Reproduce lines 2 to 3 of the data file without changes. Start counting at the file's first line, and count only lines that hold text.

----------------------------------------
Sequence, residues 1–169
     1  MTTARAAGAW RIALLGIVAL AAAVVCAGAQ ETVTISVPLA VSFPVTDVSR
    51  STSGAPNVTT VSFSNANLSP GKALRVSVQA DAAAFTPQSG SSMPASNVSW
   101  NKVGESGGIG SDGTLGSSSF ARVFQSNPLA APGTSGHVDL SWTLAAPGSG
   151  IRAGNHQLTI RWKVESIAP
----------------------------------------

     1  MTTARAAGAW RIALLGIVAL AAAVVCAGAQ ETVTISVPLA VSFPVTDVSR
    51  STSGAPNVTT VSFSNANLSP GKALRVSVQA DAAAFTPQSG SSMPASNVSW